|People walk past the spot where Jorge Eliecer Gaitan was assassinated in 1948 in downtown Bogotá.|
In the 65 years since, Gaitán's assassination has been called one of the great mysteries of Colombian history, the subject of conspiracy theories involving rival politicians, the CIA, the USSR, Cuba and even Nazis.
Except that there's actually little mystery here.
Immediately after the assassination, the enraged crowd turned on the alleged gunman, Juan Roa Sierra, murdered him and dragged him thru the streets. No gun was ever recovered, nor, of course, any confession from Roa.
Adding to the sense of mystery in later years was the fact that that same afternoon Gaitan had had a meeting scheduled with a young leftist from Cuba named Fidel Castro.
In the decades since, some have suggested that it seemed too convenient to pin the murder on Roa, a mentally ill ne'er-do-well who was not around to defend himself.
But there is lots of circumstantial evidence connecting Roa to the crime. And, more significantly, no real evidence for any other theory.
Immediately after the shooting, police tried to protect Roa from the angry crowd by pushing him into an adjoining pharmacy. Before the terrified pharmacy owner pushed Roa back out, a customer reportedly asked Roa why he'd shot Gaitan - to which Roa gave some justication. That sounds like a sort of confession to me. Then there's the simple fact that the crowd went after Roa and not someone else. Witnesses to the assassination evidently believed they'd seen Roa shoot Gaitan.
After the shooting, the Colombian government hired Scotland Yard to investigate, apparently because they wanted the opinion of an unbiased, respected experts. The Scotland Yard investigators concluded that Roa, who had fantasies about his own grandeur, had visited Gaitan's office several times during the weeks before the killing. Supposedly, Roa had asked Gaitan for employment and been refused, giving him a motive for revenge. And Scotland Yard also documented that Roa had purchased a gun and ammunition during the days before the murder.
That's a long way from proving that Roa did it. But he did have the weapon and something of a motive, as well as a disturbed mind capable of carrying out the crime.
|Gaitán's tomb at his home-museum. |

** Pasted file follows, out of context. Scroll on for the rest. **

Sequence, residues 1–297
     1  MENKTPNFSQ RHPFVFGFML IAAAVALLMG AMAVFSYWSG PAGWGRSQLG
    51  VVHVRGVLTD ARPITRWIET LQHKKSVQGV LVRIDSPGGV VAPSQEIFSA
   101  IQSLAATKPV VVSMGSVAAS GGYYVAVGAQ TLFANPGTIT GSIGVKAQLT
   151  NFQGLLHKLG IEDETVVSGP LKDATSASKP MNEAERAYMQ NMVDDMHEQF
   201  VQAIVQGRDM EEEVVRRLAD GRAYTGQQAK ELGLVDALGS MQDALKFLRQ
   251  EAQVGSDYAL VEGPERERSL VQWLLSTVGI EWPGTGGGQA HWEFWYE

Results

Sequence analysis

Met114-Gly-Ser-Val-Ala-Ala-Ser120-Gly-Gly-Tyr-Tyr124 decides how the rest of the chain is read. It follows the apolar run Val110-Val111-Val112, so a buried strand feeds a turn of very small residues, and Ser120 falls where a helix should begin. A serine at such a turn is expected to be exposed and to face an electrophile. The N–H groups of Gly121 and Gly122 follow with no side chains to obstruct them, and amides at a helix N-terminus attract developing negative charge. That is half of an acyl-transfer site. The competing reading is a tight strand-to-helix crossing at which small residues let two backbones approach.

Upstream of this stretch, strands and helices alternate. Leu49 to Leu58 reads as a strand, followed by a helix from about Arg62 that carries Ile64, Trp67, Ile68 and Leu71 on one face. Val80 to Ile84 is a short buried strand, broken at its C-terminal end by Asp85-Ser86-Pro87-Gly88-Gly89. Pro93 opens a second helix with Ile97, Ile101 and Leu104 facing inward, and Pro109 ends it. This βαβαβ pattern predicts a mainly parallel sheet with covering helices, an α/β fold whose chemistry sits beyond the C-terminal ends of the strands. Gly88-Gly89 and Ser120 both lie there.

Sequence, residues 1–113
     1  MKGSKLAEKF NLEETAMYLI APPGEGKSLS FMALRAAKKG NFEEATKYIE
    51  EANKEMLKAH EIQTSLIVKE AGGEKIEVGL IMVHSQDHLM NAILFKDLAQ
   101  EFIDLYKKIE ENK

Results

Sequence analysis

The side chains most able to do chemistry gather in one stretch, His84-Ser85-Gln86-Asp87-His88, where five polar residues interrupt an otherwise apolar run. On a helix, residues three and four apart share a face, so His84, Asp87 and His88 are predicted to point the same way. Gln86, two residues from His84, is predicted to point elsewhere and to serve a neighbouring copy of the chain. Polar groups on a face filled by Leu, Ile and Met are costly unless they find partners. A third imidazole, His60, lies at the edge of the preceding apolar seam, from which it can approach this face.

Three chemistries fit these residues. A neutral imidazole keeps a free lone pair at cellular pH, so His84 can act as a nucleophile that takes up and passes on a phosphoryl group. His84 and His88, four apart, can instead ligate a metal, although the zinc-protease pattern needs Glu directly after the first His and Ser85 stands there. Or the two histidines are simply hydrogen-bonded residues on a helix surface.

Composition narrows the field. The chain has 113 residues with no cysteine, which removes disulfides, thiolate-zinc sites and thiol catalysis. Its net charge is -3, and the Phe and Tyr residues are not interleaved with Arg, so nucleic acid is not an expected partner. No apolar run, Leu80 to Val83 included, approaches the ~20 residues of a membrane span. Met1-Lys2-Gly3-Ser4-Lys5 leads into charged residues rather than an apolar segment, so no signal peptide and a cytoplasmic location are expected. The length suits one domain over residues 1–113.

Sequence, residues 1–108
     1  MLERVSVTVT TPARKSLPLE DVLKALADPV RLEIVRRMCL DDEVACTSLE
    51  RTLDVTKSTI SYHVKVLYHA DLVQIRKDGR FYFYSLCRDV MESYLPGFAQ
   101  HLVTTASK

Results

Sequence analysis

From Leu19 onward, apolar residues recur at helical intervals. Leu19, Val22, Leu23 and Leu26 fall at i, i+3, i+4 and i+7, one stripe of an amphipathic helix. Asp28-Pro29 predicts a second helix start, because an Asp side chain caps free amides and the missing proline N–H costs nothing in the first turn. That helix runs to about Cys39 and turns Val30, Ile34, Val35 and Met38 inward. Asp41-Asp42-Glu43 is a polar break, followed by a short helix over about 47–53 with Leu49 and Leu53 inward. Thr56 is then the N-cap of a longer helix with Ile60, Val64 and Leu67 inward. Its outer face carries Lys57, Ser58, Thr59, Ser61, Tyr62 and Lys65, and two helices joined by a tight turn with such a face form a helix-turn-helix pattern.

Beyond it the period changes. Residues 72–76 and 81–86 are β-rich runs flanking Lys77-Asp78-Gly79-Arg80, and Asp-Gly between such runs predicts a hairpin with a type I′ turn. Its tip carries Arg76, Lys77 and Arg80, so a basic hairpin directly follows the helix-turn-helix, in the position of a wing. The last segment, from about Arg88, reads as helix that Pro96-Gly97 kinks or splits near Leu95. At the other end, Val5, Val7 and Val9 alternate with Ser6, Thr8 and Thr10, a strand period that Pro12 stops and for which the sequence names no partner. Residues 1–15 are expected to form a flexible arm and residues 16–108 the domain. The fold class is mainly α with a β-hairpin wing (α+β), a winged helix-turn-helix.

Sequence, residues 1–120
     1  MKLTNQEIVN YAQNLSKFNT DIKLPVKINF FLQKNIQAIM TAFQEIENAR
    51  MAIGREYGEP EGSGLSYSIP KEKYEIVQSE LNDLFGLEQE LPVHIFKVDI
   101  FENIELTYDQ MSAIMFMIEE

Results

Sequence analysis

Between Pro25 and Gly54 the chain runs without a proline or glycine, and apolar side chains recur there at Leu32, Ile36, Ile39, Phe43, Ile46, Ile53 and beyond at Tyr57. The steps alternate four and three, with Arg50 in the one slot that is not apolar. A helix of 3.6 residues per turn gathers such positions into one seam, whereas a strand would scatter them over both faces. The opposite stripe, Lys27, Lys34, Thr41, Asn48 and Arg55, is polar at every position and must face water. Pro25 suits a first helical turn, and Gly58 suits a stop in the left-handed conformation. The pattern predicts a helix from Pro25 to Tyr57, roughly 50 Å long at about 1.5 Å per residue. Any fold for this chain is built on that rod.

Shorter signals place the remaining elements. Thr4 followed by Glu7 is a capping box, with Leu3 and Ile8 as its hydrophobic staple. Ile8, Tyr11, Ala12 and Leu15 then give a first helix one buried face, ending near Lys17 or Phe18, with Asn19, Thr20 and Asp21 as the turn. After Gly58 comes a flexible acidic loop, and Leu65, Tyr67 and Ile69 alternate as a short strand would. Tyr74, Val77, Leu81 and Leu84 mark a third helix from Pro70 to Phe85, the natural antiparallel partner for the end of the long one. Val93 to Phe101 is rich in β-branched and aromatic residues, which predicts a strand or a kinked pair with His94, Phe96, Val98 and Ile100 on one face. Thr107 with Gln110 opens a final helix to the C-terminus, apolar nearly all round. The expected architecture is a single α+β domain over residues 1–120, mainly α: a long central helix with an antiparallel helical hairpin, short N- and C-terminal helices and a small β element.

(He is buried standing up.)
The Roa-as-killer theory is far from proven. But, somebody shot Gaitan, and the competing theories have nothing to go on. In fact, the lack of evidence for them seems very telling. If a rival political party had really hired a policeman to shoot Gaitan, using Roa as a decoy, wouldn't you expect a deathbed confession made, a secret memo revealed, a tell-tale expense account discovered? If the CIA had been involved, wouldn't some old CIA official or a declassified document have spilled the beans by now? If the USSR had been behind the assassination, wouldn't some defector have spilled the beans, or a Western spy sent home some damning evidence? Why hasn't Wikileaks released a file describing the CIA's nefarious plotting?
But none of that's happened, suggesting to me that the truth about Gaitan's assassination is the boring one - a
|Flags above La Septima near El Teatro Gaitán |
carry his profile.
That, of course, is a very unsatisfying version of events for a signal event in Colombian history, which changed the country's course. Gaitan's assassination triggered the Bogotazo riots, which killed thousands of people and destroyed much of the city, including its streetcar system. Soon after, came the decade of La violencia, a vicious civil war between the Liberal and Conservative political parties.
Gaitan had been a congressman, minister of education and mayor of Bogotá, always known for his fiery nationalist rhetoric denouncing the 'oligarchy'. If Gaitan had lived, he might very well have been elected president, and Colombia's history would have been different. But exactly how different, and in what ways, we'll never know.
Today's El Tiempo has a story suggesting rival politicians were behind Gaitán's assassination, supported by a supposed death bed confession, reported third-hand. And another detailing doubts about Roa's authorship.
By Mike Ceaser, of Bogotá Bike Tours